About twelve years ago, my mom died and I took a minute to record the fact. This past week, on June 25, my dad died. Mom’s death was very much expected after a several-months battle with cancer. Dad’s was very much unexpected. We had just spent time with him, and he led an active and healthy lifestyle. After trying to make sure we had personally notified all the people who we figured ought to know before we did a big social media announcement, I wrote a thing for Facebook. It says a lot of what needs saying about Dad, and rather than rewrite it or spend a lot more time trying to write something that’ll be inadequate anyway, I’ll paste below what I shared for people who Facebook-know me.
Hello, friends. I’m very sad to let you know that my dad died yesterday of a heart attack. This was unexpected given how well he took care of himself. I’ve spoken with many people yesterday and today — from loved ones who knew him well to vendors he dealt with just a few times a year — and the overwhelming theme people have volunteered has been what a good, kind man he was. Everybody has a story or ten about Dad, and most have stories about not only his kindness but his sense of humor, his wisdom, his generosity. I’ve got truckloads of fondly remembered stories myself and am lucky to’ve grown up under his care and to’ve seen or been a part, with my sister, of so many of those stories.
It was a real pleasure to watch Dad grow into a grandfather. I never saw anything light up his face more than a hug from one of his grandkids, and he was so very easy for the grandkids to love back.
He was a devoted husband to my mom for some 40 years, and when he remarried after her death, I got to see him live a beautiful late-life honeymoon. I’m so thankful for the happiness that [his wife] and her family brought him over his last decade or so, a decade during which he also (I think not coincidentally) developed a great sense of adventure and in which he went hot-air ballooning, jumped out of an airplane, traveled Europe, learned to play the guitar, rode roller coasters, became a fixture at the gym alongside his cherished crew of old fogeys, and a host of other things I would never have suspected were in his future. In other words, a life that had already been full and meaningful somehow flourished into an even more varied and full life.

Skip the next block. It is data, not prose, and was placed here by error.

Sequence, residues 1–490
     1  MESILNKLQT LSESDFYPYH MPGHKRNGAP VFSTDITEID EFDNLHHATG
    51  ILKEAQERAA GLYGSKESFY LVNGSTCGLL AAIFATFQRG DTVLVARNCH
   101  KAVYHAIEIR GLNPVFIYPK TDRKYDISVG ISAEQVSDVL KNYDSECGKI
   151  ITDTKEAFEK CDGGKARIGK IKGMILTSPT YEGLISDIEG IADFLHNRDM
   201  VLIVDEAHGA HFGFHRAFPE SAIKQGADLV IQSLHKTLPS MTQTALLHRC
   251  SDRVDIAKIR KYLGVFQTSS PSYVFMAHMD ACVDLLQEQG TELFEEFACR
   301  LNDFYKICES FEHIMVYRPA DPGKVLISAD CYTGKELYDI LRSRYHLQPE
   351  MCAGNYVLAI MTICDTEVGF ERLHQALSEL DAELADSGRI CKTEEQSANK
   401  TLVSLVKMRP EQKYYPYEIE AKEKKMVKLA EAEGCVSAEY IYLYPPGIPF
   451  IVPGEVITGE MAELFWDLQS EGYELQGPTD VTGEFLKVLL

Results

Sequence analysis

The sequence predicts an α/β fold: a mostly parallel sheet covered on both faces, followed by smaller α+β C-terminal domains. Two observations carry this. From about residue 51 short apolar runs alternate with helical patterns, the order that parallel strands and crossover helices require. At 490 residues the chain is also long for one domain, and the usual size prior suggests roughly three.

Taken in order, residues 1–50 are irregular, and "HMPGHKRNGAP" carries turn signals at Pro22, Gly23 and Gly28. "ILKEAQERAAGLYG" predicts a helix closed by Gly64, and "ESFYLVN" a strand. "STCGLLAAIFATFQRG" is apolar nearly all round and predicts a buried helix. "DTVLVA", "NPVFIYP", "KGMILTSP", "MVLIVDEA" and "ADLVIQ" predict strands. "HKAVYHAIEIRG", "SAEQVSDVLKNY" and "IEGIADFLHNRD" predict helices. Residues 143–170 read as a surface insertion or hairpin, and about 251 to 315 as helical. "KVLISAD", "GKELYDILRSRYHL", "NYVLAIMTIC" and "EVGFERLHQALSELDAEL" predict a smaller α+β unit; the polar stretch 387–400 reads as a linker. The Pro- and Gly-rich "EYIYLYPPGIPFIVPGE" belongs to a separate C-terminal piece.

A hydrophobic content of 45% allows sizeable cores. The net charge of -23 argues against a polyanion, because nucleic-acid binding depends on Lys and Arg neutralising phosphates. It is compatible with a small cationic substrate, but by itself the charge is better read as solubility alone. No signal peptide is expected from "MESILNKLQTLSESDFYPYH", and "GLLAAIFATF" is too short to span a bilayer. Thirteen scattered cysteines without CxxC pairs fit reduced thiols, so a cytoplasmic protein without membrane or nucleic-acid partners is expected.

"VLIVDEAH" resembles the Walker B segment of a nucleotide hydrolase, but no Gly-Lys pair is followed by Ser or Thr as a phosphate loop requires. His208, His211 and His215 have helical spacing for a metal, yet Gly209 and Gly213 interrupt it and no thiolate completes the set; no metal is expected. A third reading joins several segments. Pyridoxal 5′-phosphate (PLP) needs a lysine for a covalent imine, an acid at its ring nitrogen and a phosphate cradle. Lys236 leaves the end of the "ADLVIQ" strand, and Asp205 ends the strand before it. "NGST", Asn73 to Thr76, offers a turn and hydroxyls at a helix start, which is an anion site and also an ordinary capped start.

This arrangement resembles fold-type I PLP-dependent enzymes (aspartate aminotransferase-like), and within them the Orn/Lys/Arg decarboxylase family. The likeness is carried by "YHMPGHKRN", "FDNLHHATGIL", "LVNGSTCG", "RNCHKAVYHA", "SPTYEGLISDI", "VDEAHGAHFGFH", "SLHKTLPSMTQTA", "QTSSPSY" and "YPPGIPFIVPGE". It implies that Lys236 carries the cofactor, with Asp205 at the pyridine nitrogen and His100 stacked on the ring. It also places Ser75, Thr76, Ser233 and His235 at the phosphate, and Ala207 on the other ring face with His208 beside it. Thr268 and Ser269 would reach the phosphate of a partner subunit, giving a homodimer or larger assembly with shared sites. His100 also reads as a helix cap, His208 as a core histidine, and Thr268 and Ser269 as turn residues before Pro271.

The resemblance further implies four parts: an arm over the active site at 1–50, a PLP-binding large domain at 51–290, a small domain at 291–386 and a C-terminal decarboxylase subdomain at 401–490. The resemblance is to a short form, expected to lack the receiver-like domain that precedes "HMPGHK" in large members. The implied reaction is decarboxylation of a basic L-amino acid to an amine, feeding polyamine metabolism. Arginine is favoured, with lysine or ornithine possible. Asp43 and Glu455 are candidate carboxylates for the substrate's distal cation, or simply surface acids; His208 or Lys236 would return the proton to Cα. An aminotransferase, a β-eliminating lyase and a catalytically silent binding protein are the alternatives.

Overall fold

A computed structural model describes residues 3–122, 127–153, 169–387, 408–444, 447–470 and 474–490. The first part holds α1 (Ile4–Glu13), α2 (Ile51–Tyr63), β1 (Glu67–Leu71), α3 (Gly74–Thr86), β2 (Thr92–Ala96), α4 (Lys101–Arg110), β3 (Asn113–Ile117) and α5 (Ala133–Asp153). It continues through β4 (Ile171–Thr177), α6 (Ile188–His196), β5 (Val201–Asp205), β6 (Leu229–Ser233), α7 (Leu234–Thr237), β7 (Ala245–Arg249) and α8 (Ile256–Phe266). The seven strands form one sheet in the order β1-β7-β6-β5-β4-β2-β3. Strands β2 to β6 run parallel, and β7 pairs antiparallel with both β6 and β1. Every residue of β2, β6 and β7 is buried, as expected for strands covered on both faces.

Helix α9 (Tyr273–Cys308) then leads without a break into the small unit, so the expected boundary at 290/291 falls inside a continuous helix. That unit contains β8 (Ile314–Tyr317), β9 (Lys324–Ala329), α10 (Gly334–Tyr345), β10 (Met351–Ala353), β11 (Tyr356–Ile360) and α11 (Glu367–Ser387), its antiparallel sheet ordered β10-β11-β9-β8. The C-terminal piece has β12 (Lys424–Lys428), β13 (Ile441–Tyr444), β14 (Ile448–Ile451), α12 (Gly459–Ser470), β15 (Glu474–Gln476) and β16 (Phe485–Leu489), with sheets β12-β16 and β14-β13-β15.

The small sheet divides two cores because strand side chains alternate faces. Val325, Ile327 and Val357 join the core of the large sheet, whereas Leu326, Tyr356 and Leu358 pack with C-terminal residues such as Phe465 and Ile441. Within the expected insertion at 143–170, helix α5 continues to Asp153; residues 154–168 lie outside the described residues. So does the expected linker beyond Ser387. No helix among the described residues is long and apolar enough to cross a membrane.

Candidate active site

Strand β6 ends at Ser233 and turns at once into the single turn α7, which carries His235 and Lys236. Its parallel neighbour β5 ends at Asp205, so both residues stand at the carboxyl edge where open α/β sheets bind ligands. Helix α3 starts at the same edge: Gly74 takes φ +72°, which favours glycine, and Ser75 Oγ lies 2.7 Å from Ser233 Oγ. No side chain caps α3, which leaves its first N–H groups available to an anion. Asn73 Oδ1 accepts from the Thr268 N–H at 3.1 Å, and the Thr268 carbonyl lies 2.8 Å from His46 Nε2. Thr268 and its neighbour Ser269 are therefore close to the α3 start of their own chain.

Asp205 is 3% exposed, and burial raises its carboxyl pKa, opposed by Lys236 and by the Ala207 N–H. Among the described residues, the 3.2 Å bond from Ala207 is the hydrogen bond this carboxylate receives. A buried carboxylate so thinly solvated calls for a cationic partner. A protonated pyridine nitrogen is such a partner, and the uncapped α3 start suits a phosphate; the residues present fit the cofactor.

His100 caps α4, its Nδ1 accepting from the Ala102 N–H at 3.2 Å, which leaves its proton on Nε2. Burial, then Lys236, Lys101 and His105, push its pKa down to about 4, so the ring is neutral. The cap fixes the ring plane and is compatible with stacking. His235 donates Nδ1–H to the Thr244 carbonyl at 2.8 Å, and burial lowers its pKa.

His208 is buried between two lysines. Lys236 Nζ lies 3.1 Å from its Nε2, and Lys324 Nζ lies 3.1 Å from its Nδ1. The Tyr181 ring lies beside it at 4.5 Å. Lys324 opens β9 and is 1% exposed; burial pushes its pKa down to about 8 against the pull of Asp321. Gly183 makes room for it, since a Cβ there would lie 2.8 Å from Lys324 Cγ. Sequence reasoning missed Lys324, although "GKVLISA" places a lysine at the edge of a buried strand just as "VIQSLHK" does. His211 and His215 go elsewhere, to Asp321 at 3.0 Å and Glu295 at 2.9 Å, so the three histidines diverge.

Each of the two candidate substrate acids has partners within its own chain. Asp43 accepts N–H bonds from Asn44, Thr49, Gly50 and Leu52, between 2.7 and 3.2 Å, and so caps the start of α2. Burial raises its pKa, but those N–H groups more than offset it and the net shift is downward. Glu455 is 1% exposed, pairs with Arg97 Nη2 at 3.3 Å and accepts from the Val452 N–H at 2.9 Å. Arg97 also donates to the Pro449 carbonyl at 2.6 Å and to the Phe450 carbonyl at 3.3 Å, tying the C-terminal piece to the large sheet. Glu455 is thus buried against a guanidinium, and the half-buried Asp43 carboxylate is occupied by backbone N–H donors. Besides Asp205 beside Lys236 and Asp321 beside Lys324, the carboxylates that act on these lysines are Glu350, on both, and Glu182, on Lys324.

His death was sudden, and it is cruel. We’re shattered. But he lived well and he died happy, and there’s some solace in reflecting on those circumstances.
We’ll be holding a service on Saturday, June 29, at 11am, with visitation starting at 10am. Church details are as follows: [redacted]
As for flowers and donations and such, the family has no particular preference. My personal feeling is that flowers die quickly but donations to good causes can increase the good and reduce the suffering in the world. While no one should feel pressed to do anything at all, those who would like to and are able might consider a few of the options that follow. Dad had donated to support cancer research in the past — and with good reason, as cancer took Mom from us and took a swipe at him a couple of years ago. I have a soft spot for Second Harvest and Heifer International (organizations that feed hungry people), and Dad has kindly donated to such organizations on my behalf in the past. He volunteered with a local school to help kids improve their reading skills, and while that work had no direct connection to Dolly Parton’s Imagination Library, Dolly’s group is a wonderful organization promoting literacy for children, and I think Dad would approve of donations to support it. The church has been an important part of Dad’s life, and his current church (details above [but redacted in this post]) has been supportive through Mom’s death, Dad’s life with Sherley, and now Dad’s death; those inclined to donate to a church could do much worse than to donate to his church in his name.
This is a difficult and busy time, and while I may not be in a position or of a mind to respond to many comments here, it would be initially painful but ultimately a blessing to read any stories you may have that showcase Dad at his silliest, kindest, most stubborn, or whatever the case may be. If you’re inclined, drop a story in the comments, and when I’m in the right frame of mind and have a little more distance, I’ll read them with gratitude.